Is it just me or are the San Jose Sharks just quietly going about their business like they did last year? That’s not good for the rest of the league. If the standings stay as they are, the Sharks will face a great Edmonton Oilers team in the first round; it will be fast, physical, and tiring, but they should squeeze by in Game 7. The next round they could face-off (excuse yet another pun) against a hot Calgary Flames team (there’s another) that will be carrying over some serious momentum after an upset of the Anaheim Ducks. No problem, Joe Pavelski has this covered. It won’t be as challenging as the first round series against the Oilers, and the Sharks will return to the Western Conference Finals looking to repeat and get back to the Stanley Cup Finals. Pavelski ranks in the top 25 for points this season which is nothing to get super excited about, but come playoff time he will once again be a great performer. It will be hard to match his 23 postseason points from a year ago though; especially if they meet the Chicago Blackhawks in the Western Conference Finals.
5. Justin Williams: 19 (8G, 11A)
In order to go far in the Stanley Cup playoffs, role players need to come up huge on a consistent basis. Luckily for the Washington Capitals, they have a second line that is as good as most first lines in the NHL, featuring 50+ point scorers Evgeni Kuznetsov and Marcus Johansson. However, come playoff time, the true difference maker on that line is Justin Williams. The veteran has won the Stanley Cup before and that was why he was brought to Washington, his first full season being last year. He’s a contributor and can score goals as much as he distributes the puck. The Capitals are deep this year, very deep, which makes for a deep run (okay, we can stop using the word deep already). This team is maturing and it has to continue to do so because the window for the first Cup in franchise history is closing. Williams will bring his game to another level in the postseason like he did in 2012 and 2014 for the Los Angeles Kings.
4. Brent Burns: 20 (8G, 12A)
Let’s take a vote: Who thinks Brent Burns needs to shave his beard? Since I can’t see through the computer screen and am not present while you’re reading this I’m going to say the final count was in favor to keep the disheveled look. He’s the best defenseman in the game, he has the most points in the league amongst back-liners, and he’s the San Jose Sharks’ leader so who cares if he looks like a hobo. He tallied 24 points during the Sharks run to the finals last year, but fell short of lifting the Cup as he watched the Pittsburgh Penguins celebrate on his home ice. Unfortunately, redemption will have to wait because the Chicago Blackhawks are playing too good right now and the Sharks will struggle in the Western Conference Finals because their first two series against Edmonton and Calgary will simply wear them out. Maybe he’s growing the beard until he wins the Stanley Cup. It’s flirting with ZZ Top length.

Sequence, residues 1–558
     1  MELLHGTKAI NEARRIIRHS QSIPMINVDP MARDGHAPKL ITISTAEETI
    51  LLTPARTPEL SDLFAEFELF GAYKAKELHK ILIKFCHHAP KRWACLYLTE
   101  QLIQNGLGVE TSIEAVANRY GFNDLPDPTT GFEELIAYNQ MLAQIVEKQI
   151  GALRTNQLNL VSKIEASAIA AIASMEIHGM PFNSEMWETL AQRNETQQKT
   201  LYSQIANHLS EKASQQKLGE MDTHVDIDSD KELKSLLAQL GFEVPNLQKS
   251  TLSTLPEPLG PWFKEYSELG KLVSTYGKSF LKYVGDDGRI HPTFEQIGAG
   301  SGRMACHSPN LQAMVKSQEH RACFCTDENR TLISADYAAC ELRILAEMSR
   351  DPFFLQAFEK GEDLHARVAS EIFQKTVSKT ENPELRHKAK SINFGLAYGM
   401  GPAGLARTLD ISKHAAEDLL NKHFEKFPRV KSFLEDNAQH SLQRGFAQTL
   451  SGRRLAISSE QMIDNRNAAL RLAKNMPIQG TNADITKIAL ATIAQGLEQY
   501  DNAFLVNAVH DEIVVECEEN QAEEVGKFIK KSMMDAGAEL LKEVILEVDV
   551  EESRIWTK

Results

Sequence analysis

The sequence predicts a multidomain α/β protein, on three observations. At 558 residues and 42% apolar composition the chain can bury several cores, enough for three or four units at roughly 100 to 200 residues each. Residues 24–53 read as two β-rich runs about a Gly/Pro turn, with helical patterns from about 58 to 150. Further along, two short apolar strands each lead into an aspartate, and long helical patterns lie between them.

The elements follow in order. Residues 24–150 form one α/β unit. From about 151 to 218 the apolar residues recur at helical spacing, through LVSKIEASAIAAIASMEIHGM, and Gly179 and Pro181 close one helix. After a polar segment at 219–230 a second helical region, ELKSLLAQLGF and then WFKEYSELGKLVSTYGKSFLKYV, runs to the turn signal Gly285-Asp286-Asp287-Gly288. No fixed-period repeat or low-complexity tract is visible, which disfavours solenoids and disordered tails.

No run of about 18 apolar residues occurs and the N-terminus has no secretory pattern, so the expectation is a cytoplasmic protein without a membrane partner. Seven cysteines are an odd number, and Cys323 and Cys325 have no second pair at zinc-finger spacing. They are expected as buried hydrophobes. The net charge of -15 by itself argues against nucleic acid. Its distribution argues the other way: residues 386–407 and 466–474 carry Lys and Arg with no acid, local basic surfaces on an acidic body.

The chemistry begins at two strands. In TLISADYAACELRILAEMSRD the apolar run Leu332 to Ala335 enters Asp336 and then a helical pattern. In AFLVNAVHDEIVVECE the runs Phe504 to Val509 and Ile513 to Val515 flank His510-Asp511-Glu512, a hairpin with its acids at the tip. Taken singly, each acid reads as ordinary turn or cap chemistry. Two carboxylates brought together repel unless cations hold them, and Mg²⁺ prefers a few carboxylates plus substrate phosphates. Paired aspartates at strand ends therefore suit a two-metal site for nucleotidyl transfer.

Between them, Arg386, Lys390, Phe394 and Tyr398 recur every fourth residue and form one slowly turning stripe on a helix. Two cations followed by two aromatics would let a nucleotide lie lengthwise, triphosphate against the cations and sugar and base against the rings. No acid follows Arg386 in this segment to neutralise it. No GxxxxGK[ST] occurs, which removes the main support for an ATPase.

3. Jonathan Toews: 22 (8G, 14A)
Jonathan Toews is a postseason performer, and he has three Stanley Cup rings to back that statement. Frankly, he’s never really amongst the leaders in points during the regular season, rarely in discussion for MVP, but he’s a great player and a great leader… and has a super-hot girlfriend. Essentially, he’s a winner – not in a Charlie Sheen way, but in a more normal way – and he’s going to lead the Chicago Blackhawks back to the Stanley Cup Finals once again. During their three championships (2010, 2013, and 2015), Toews has racked up 69 points – 29 in 2010 alone, the year he won the Conn Smythe. The Blackhawks can cruise through the West to earn yet another finals appearance, and sadly for the East, they’re 3-0 during Toews’ tenure. Who will take down these fabulous Blackhawks? Can the East retain the Cup or will the West steal it back and start another stranglehold on glory?
2. Nicklas Backstrom: 23 (8G, 15A)
The Washington Capitals will be stand in the way of the Chicago Blackhawks, attempting to prevent the Stanley Cup veterans from going 4-0. If the Capitals are going to win the Cup, then it will be because of Nicklas Backstrom. Quite frankly, they win a lot of games because of Backstrom, which begs the question, why is this guy not an All-Star every year? He’s probably they quietest superstar, and maybe the most underappreciated and overlooked player in the NHL. That’s why he had to settle for GEICO commercials – poorly-acted ones at that, but he made them his own. He has hall-of-fame like numbers and wasn’t selected to his first All-Star game until last season. Did anyone even know he was tied for third for the NHL points lead with Sidney Crosby? Maybe you did, maybe you didn’t, but it doesn’t matter because he wants to lift the Cup, no matter how quiet he is about the fact. He’s what makes this Capitals’ team move, he’s the driver, and if they want to make history, it will be because of him.
1. Patrick Kane: 25 (12G, 13A)
Above Sidney Crosby and Nicklas Backstrom in the points race sits Patrick Kane. He’s so skillful, he’s so talented with the puck, but the strange thing is that when you watch him play you don’t even realize how amazing he is because it just comes easy for him. He’s smooth, intelligent, and confident – who cares what the ladies publicly claim to sully his name. Okay, we won’t go there, we’ll save it for a Law & Order: SVU episode. During the Chicago Blackhawks three championships, Kane has 70 combined points, one more than his teammate, Jonathan Toews, and also has a Conn Smythe for his 2013 performance. Oh, and he also earned the Hart trophy last year which is pretty good I guess. So the Chicago Blackhawks beat the Washington Capitals in the 2017 Stanley Cup Finals then, right? Well… just because a team has the leading point-getter, it doesn’t guarantee a championship. Sorry, Patrick, I’m all in on the Capitals this year… everyone kind of has to be or it may never happen.